“Shakespeare”, by Ungry Young Man

Macbeth is a creepy play.

Actors have long been superstitious about acting in it. That’s partly because performances have been riddled with accidents and fatalities; indeed, actors consider it bad luck to even utter the name of the play. (They call it “The Scottish Tragedy”.) And it’s partly because the basic substance of the plot is eldritch: You’ve got black magic, witches, a gore-flecked ghost and walking forests.

But fans of Macbeth often say its freaky qualities are deeper than just the plot devices and characters. For centuries, people been unsettled by the very language of the play.

Actors and…

A wren’s nest, illustrated by Susan Ogilvy in “Nests”

It’s Monday.


I’ve got your back! Behold my weekly Monday “Linkfest”, filled with highly distracting yet utterly edifying material I scavenged online, just pour vous.

To begin …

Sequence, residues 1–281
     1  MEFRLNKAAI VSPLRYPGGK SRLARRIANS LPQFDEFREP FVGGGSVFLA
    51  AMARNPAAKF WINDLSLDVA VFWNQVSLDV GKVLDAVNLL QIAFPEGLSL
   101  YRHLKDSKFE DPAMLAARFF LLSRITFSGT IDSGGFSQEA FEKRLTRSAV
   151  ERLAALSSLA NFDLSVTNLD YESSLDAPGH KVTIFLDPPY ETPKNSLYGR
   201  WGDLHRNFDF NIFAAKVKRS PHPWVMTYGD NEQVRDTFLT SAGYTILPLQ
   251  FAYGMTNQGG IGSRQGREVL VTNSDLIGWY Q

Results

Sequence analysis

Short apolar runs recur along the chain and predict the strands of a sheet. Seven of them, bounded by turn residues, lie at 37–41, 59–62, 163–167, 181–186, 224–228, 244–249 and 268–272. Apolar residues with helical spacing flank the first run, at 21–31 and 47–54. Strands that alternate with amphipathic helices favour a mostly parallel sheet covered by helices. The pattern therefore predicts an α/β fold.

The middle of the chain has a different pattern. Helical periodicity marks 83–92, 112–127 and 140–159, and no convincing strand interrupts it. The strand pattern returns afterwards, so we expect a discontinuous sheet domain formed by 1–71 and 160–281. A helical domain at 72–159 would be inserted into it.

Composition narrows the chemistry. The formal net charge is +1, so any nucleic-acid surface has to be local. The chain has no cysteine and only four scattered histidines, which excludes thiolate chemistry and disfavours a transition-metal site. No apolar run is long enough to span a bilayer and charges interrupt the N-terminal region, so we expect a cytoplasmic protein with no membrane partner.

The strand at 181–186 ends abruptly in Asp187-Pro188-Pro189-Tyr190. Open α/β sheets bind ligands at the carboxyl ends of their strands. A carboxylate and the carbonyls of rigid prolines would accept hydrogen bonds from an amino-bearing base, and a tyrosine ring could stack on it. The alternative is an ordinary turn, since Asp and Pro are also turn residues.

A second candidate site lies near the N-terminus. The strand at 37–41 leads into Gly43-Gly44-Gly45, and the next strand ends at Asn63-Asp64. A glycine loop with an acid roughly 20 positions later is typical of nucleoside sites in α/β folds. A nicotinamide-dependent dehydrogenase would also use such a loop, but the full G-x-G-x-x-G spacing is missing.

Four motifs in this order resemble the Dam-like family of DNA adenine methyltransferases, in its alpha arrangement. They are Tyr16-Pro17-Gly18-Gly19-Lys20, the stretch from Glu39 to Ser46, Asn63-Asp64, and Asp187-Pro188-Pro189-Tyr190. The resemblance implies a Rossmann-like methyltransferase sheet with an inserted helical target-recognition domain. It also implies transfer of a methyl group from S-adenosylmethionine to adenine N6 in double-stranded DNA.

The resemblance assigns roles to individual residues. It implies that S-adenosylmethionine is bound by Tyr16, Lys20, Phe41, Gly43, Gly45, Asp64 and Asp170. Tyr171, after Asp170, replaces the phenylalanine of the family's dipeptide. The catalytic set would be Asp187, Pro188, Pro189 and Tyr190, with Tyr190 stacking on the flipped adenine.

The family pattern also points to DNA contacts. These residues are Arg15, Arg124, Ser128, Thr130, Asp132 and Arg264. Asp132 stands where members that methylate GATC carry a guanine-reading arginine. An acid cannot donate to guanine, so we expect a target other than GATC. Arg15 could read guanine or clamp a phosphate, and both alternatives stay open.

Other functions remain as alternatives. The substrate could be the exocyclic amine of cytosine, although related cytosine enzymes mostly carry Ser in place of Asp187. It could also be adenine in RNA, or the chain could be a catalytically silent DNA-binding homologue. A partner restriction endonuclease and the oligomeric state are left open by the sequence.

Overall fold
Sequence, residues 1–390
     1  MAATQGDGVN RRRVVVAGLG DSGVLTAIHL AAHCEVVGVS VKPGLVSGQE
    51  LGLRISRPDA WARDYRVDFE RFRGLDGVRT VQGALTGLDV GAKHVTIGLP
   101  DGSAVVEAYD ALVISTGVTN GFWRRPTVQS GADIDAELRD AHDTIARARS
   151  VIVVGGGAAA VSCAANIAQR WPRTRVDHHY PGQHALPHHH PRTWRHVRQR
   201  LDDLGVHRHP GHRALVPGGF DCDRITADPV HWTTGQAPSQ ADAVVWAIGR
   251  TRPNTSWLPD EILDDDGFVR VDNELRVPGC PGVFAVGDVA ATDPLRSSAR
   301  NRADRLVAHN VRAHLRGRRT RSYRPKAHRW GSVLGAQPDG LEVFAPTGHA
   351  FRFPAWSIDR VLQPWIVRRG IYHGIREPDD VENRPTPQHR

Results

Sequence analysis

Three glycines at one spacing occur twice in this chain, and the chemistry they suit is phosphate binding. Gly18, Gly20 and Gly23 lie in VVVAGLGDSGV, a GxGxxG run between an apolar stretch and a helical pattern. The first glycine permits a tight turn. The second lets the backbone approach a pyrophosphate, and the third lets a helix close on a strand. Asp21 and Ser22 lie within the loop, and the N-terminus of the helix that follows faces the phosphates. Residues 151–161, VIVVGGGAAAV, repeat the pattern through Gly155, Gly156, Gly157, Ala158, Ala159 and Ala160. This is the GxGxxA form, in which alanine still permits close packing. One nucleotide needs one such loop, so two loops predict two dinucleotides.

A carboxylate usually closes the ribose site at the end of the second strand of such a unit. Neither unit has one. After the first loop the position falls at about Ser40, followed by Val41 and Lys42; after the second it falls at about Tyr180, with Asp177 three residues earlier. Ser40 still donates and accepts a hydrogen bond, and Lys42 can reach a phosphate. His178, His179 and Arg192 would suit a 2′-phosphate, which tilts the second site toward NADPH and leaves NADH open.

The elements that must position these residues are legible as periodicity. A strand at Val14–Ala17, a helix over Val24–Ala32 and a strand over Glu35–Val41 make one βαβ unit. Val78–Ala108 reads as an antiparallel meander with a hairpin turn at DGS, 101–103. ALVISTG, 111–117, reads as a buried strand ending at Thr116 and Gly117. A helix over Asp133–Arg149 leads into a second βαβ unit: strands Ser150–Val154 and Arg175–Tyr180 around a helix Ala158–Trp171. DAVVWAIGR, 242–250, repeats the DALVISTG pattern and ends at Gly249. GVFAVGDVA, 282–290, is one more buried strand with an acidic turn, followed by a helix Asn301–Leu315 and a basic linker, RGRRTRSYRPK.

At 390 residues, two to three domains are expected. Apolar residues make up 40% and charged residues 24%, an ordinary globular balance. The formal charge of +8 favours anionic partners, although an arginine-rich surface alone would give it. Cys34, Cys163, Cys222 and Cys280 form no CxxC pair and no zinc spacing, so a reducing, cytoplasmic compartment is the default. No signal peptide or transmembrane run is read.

1) 🐦 Gorgeous paintings of bird nests

The artist Susan Ogilvy discovered an abandoned bird nest in her garden, and was astonished at its beauty — as well as its meticulous engineering. Birds are amazing architects and inveterate up-cyclers, using everything from natural materials (like twigs and grass) to human-created materials, like newspapers and string.

Ogilvy began painting nests, and has just released a collection of those: Nests. I’m ordering a copy — it…

“Winter snow storm” by superkar

We often worry that AI and automation will take our jobs — that software will do work so efficiently and cheaply that corporations will chuck their humans aside. That certainly can happen; bank tellers are in steep decline, to pick just one example.

But the more I’ve reported on the impact of tech on work, I’ve noticed another pattern that’s more complex, if just as unsettling.

In situations I’m seeing more often, AI and automation don’t necessarily destroy jobs. In fact, sometimes they create more work.

The problem is, these new jobs suck — often precisely because of how AI…

“La bataille d’Austerlitz”, by François Gérard, via Wikimedia

Back in 2014, I wrote this essay about reading massive novels on a teensy screen.